Mindfulness based programs during pregnancy (some including self-compassion components) increase self-compassion, mindfulness and maternal self-efficacy, and reduce anxiety, stress and psychological distress in pregnant women. According to our knowledge, there are no studies about the association between self-compassion and sleep outcomes in pregnancy.
To explore differences in self-compassion, between three sleep groups, in a sample of Portuguese pregnant women.
Four hundred and nineteen pregnant women (mean age: 32.51 ± 4.759; weeks of gestation: 17.32 ± 4.803) completed the Self-Compassion Scale (SCS, Bento et al., 2015), presenting six dimensions (self-kindness, self-judgment, common humanity, isolation, mindfulness and over-identification) and the Insomnia Assessment Scale (Marques et al., 2015). Three sleep groups were formed: good sleepers (no insomnia symptoms; no associated daily impairment); insomnia symptoms groups (one/more insomnia symptoms; no associated daily impairment); insomniacs (one/more insomnia symptoms; daily associated impairment).
There were significant differences in the total SCS, self-judgment, isolation and over-identification scores, between sleep groups [respectively, F (2,396) = 7,926, P ≤ 0,001; F (2,409) = 19,155, P ≤ 0,001; F (2,410) = 13,016, P ≤ 0,001; F (2,412) = 11,258, P ≤ 0,001]. Self-judgement, isolation and over-identification scores of good sleepers and insomnia symptoms group were higher than of insomniacs. Total SCS score of good sleepers was higher than of insomniacs and the same score of symptoms of insomnia group was also higher than of insomniacs.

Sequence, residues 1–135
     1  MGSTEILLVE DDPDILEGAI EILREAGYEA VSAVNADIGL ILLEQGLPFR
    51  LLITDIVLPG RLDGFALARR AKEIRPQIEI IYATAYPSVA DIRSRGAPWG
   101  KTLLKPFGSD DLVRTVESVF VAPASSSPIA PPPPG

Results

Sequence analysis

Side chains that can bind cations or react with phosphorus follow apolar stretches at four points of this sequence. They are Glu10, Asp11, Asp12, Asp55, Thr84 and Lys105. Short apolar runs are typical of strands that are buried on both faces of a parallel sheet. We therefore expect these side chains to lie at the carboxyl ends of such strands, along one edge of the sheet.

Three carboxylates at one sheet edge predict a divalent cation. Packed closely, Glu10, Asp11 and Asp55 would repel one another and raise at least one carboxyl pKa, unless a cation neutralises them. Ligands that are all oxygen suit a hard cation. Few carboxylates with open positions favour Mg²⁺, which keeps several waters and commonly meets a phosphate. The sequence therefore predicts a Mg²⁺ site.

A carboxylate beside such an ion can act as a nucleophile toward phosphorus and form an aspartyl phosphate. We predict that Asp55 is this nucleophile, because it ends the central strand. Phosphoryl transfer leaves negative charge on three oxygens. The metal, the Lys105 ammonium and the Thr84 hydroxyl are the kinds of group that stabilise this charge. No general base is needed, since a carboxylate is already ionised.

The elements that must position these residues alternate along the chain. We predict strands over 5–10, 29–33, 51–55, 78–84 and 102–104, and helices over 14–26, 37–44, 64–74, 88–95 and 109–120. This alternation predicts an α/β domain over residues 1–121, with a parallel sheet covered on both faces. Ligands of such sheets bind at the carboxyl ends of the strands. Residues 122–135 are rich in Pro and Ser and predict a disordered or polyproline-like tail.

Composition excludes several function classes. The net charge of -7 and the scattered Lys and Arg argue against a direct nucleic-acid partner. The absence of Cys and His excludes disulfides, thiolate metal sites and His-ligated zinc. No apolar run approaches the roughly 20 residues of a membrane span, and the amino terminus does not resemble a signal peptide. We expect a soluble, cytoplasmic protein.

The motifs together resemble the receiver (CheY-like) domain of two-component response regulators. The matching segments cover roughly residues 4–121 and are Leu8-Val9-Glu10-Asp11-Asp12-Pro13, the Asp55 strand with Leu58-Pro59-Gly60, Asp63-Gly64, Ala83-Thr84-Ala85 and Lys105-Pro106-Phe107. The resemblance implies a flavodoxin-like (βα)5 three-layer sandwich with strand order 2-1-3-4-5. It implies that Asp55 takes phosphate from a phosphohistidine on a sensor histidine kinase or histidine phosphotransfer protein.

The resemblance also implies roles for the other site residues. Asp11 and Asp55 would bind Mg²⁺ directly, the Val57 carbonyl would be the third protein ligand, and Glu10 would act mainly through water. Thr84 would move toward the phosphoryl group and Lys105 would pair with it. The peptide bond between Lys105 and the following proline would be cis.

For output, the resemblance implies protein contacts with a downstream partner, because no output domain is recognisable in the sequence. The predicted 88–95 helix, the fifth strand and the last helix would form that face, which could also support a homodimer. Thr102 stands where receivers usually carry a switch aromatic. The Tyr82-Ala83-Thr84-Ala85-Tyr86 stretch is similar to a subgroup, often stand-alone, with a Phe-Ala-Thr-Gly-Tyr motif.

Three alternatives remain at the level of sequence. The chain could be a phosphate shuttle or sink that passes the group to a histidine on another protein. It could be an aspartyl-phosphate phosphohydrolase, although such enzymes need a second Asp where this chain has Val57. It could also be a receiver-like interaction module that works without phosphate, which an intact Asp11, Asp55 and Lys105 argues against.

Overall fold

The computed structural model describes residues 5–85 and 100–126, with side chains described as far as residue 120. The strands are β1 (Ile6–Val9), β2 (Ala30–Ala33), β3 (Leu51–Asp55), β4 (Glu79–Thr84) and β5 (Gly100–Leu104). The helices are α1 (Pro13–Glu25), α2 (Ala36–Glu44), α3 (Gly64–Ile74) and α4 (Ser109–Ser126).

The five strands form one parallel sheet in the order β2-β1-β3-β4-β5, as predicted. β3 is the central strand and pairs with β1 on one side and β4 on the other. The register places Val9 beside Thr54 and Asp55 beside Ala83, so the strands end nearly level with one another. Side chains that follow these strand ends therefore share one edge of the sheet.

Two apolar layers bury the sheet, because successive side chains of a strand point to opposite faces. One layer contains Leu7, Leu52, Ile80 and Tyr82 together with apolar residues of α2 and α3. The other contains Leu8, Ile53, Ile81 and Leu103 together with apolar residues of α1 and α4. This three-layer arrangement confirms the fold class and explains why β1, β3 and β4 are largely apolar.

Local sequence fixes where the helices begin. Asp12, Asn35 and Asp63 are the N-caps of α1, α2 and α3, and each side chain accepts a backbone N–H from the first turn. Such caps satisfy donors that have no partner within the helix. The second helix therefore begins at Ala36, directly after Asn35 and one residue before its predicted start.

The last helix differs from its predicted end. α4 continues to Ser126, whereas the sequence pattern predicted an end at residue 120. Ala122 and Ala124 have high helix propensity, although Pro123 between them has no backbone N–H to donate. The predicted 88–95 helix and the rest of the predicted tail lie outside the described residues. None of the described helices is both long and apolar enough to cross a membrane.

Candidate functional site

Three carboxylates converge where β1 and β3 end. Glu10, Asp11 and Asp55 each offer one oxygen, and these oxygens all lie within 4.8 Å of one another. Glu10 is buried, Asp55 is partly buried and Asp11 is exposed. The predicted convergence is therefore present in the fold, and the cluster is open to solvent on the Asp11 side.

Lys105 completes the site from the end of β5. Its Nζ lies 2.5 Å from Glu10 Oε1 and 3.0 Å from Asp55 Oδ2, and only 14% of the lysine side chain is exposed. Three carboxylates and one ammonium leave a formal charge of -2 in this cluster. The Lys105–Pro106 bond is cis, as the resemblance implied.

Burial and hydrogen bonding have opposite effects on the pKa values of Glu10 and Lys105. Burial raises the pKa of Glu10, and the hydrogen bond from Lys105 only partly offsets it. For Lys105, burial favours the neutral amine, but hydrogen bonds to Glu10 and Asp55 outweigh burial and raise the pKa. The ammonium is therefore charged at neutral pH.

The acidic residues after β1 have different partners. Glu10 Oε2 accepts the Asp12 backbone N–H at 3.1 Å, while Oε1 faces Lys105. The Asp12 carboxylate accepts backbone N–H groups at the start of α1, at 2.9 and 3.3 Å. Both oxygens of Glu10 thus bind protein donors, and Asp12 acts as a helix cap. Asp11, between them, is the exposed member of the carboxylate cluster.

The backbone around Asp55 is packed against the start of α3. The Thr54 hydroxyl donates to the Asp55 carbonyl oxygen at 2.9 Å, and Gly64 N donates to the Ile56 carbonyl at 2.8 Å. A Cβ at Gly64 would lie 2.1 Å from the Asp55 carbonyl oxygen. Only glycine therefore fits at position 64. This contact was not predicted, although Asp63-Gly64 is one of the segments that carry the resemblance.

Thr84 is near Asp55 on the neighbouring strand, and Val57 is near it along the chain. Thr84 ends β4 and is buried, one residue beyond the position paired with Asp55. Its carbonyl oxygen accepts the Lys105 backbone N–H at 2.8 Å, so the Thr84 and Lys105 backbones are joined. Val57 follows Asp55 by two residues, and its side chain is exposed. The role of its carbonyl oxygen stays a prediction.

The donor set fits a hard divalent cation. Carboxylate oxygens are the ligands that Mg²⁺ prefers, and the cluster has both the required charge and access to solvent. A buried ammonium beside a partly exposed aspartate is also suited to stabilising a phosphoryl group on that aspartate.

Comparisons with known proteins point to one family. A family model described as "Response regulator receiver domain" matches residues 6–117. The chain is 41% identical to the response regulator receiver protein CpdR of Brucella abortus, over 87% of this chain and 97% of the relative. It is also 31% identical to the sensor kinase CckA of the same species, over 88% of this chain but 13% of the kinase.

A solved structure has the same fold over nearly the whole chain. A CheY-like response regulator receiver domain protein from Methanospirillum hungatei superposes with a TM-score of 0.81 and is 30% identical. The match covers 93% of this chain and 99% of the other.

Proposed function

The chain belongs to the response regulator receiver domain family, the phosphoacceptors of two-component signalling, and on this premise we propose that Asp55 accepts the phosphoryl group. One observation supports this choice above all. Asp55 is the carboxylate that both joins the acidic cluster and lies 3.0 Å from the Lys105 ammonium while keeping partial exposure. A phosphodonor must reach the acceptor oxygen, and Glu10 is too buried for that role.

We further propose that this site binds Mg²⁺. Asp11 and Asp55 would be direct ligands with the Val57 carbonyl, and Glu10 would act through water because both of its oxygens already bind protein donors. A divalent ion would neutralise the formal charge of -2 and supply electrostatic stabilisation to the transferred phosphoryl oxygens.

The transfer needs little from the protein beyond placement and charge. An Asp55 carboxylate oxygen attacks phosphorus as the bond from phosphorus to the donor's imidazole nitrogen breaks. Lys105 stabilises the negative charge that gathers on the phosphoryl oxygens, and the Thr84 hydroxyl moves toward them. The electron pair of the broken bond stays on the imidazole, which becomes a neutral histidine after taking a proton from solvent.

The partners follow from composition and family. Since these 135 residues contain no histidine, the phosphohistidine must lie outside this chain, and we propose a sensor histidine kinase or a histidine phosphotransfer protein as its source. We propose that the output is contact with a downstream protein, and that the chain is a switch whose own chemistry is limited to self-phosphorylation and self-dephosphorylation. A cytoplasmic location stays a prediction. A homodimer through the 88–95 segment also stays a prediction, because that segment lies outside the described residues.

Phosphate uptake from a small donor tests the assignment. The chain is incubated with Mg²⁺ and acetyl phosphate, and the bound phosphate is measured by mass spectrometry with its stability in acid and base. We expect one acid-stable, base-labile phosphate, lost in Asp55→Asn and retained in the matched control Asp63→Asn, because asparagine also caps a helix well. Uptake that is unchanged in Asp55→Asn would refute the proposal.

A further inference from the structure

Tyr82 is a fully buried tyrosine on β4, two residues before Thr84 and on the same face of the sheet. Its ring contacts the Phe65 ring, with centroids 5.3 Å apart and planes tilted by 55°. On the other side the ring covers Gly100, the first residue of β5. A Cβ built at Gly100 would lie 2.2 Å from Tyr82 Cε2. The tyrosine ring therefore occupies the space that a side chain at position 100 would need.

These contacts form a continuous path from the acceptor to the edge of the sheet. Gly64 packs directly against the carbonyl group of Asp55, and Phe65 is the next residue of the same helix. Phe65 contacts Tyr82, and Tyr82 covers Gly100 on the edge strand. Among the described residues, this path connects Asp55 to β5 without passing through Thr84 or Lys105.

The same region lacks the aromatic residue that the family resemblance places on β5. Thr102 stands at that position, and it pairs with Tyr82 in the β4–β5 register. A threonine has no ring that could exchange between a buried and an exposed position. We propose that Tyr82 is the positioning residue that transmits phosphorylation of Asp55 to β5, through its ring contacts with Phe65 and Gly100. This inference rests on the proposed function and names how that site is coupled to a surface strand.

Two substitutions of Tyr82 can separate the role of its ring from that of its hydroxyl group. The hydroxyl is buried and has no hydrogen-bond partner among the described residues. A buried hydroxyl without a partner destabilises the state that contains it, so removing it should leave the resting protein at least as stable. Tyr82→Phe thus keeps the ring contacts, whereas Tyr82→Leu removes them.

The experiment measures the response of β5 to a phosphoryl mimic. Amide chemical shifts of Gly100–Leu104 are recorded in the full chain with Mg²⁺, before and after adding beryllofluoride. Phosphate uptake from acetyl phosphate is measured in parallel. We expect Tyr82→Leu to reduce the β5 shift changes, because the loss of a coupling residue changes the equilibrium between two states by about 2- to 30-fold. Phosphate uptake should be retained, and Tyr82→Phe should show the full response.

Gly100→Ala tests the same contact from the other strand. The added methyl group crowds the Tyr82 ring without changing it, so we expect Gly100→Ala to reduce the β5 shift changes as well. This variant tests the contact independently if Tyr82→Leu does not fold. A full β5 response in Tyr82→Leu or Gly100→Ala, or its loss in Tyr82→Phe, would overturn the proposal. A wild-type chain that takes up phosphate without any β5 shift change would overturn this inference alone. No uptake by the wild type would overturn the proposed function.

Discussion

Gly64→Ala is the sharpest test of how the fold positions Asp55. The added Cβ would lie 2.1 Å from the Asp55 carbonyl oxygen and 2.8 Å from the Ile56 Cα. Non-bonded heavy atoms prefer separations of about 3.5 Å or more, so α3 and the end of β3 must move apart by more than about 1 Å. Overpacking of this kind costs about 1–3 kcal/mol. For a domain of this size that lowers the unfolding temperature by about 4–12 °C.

Results seem to show the importance of developing self-compassion to improve sleep in pregnancy or reduce the impact of insomnia symptoms (common at pregnancy).
The authors have not supplied their declaration of competing interest.